On Thursday, Castro’s defense lawyer, Mishya Singh, showed the judge photos Castro had taken of his infant daughter happy in her bouncy seat and videos of his tickling her tummy. Castro, 38, sat in a brown jail suit and shackles and wiped away tears as he watched.

“CPS took two of his other kids away, but CPS chose to give Mr. Castro another chance to take care of Phoenix,” Singh said. “And what Mr. Castro did is that he rose to the challenge the best way he could although he had his own addiction to deal with. He loved that baby.”

Phoenix’s mother had been sent to jail on outstanding warrants after the baby’s birth and was living in a drug and mental health rehab facility when the infant died. Emily De La Cerda was out on a day pass when she and her mother visited the apartment and found Castro panicking and the baby limp. According to a detective’s testimony, Castro told police that he had survived a drug overdose years earlier, and more recently he had revived De La Cerda from one with the use of Narcan. De La Cerda died four months after her daughter, in the same apartment, also of a fentanyl overdose.

That the father is being charged in her death, his defense lawyer said, is “unfair, not on a moral ground, look at the evidence.”

In court a day earlier, Singh had suggested that baby Phoenix didn’t die of fentanyl poisoning but that her father likely accidentally smothered her as they slept on the couch the night before — a contention refuted by the coroner, who said the baby showed no signs of suffocation.

On Thursday, however, Singh posited that if the baby did, indeed, die of a drug overdose, her mother may be to blame. Two days before Phoenix’s death, Castro took the infant to the rehab facility for a four-hour visit with her mother while he ran errands. In several text messages presented in court, De La Cerda complained to Castro that she was having troubling calming the baby that evening.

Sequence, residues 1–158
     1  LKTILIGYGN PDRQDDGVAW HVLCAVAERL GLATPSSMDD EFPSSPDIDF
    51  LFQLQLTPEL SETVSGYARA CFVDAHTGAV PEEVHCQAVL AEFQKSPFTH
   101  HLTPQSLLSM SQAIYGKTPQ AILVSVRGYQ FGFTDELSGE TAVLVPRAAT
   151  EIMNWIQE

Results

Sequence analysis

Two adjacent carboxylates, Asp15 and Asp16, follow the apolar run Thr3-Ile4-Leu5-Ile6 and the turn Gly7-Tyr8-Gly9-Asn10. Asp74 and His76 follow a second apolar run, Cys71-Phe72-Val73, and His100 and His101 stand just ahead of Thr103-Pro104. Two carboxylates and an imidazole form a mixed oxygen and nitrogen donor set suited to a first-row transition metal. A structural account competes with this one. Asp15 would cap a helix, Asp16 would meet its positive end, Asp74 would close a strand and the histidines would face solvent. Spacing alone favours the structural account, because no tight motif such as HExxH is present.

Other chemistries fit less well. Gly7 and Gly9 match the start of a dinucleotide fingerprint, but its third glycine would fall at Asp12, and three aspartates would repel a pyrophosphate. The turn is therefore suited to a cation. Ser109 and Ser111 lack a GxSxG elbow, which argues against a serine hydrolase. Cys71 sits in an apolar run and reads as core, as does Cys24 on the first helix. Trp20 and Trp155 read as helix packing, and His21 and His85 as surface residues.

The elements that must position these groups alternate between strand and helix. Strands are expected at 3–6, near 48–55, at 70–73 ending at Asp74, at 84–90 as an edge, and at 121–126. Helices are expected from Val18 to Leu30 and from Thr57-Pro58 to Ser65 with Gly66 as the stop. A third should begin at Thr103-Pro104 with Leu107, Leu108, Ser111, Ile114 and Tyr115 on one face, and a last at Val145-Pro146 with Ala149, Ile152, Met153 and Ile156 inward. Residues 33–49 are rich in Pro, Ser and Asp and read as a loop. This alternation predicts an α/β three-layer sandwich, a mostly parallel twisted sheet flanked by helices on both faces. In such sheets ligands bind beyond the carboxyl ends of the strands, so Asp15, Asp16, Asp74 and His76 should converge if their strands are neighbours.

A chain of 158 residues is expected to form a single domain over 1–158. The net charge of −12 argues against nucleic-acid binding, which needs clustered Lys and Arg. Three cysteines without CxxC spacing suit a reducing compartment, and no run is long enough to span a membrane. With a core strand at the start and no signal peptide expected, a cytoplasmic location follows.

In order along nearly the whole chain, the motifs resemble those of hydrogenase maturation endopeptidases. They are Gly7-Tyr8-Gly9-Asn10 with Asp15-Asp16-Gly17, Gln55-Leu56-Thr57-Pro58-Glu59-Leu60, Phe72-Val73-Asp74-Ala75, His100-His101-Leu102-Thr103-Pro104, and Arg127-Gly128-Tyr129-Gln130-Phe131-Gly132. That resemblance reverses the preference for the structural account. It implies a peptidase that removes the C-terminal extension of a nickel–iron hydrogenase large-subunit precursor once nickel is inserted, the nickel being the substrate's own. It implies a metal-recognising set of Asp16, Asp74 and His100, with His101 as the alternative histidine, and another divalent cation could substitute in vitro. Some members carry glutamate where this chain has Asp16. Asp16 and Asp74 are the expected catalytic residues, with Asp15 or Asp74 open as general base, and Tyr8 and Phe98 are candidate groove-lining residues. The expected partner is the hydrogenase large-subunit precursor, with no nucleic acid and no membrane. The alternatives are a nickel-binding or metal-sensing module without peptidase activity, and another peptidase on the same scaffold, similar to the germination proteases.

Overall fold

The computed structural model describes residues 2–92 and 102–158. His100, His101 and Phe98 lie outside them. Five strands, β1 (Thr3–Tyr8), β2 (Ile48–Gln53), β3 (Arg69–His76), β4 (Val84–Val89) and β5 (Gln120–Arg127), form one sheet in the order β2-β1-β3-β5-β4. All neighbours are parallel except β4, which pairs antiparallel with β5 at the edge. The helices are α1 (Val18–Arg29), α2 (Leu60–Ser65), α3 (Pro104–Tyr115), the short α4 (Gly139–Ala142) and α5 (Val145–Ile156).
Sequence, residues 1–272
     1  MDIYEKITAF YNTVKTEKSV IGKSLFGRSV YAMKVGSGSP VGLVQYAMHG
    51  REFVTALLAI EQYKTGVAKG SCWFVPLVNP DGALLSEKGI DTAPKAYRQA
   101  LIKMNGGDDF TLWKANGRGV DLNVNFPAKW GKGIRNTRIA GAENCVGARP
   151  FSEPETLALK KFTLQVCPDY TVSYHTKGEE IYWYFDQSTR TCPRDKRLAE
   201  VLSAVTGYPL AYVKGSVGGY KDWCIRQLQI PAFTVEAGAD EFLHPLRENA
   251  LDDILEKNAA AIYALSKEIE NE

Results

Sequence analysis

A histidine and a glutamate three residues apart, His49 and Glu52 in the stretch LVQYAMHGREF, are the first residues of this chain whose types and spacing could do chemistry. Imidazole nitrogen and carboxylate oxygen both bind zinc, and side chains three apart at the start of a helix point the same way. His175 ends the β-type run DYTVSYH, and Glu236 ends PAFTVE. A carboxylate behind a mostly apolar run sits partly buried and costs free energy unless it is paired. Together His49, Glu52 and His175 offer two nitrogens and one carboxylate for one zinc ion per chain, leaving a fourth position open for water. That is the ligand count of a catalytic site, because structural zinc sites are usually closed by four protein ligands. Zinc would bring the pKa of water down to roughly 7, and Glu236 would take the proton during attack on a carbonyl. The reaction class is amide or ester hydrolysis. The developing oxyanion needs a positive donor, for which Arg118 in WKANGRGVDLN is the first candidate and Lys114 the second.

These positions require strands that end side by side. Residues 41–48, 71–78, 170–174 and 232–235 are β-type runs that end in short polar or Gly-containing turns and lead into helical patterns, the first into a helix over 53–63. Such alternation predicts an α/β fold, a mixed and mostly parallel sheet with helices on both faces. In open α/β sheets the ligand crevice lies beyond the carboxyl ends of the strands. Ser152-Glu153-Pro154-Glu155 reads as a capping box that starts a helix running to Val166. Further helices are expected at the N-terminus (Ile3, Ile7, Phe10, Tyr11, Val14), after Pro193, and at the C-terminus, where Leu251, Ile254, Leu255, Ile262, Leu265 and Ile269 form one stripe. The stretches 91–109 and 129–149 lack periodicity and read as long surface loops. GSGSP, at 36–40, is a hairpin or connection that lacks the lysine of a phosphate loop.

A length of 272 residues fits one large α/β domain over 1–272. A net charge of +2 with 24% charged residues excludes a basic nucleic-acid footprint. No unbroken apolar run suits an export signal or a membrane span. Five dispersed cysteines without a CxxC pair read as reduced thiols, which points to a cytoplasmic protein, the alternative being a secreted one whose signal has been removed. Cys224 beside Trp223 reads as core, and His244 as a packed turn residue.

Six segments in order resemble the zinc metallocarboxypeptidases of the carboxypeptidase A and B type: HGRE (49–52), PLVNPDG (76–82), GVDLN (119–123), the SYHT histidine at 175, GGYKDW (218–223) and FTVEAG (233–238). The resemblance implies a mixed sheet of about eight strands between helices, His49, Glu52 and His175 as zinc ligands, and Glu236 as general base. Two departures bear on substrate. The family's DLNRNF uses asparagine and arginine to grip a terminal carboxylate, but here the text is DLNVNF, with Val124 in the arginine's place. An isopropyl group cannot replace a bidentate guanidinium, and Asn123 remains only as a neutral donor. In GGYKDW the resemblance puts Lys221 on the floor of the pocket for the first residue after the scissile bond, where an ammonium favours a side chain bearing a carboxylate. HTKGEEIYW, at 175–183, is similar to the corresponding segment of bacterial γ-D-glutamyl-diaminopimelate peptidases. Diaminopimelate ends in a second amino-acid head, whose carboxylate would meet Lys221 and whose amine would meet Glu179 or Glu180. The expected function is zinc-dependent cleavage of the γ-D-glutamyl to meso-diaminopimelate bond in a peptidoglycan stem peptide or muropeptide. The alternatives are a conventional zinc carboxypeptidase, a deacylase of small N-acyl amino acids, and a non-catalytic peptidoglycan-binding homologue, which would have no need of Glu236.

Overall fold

“You’re aware that fentanyl, if someone is agitated, it can calm them down?” Singh asked Harrington, who was on the witness stand.

“Yes,” testified Harrington, one of the lead detectives on the case.

“If a baby is crying, giving a baby a little fentanyl (will) calm them down?” she asked.

Gershenovich, the prosecutor, objected before the officer could answer and later told the judge there was no evidence suggesting the mother drugged the baby or had access to drugs there.

Gershenovich on Thursday also recalled to the stand the coroner who conducted the autopsy on the baby. During testimony a day earlier, he had said the baby had been dead between 24 to 36 hours, but on Thursday he said pinpointing a time of death is often “unreliable,” and it could have been closer to 10-12 hours.

Singh, the defense lawyer, also reserved blame for the county’s child welfare agency for not better informing Castro that drug residue on a tabletop, couch or his hands could harm the baby. CPS could have insisted on a deep cleaning in the house, she said.

“The person hurting the most is sitting right there,” Singh said, pointing to her client. “He would never endanger that baby willfully.”

But the prosecutor put the blame squarely on Castro.

“He was the only person caring for her,” Gershenovich told the judge. “He had a duty of care, and unfortunately he failed her.”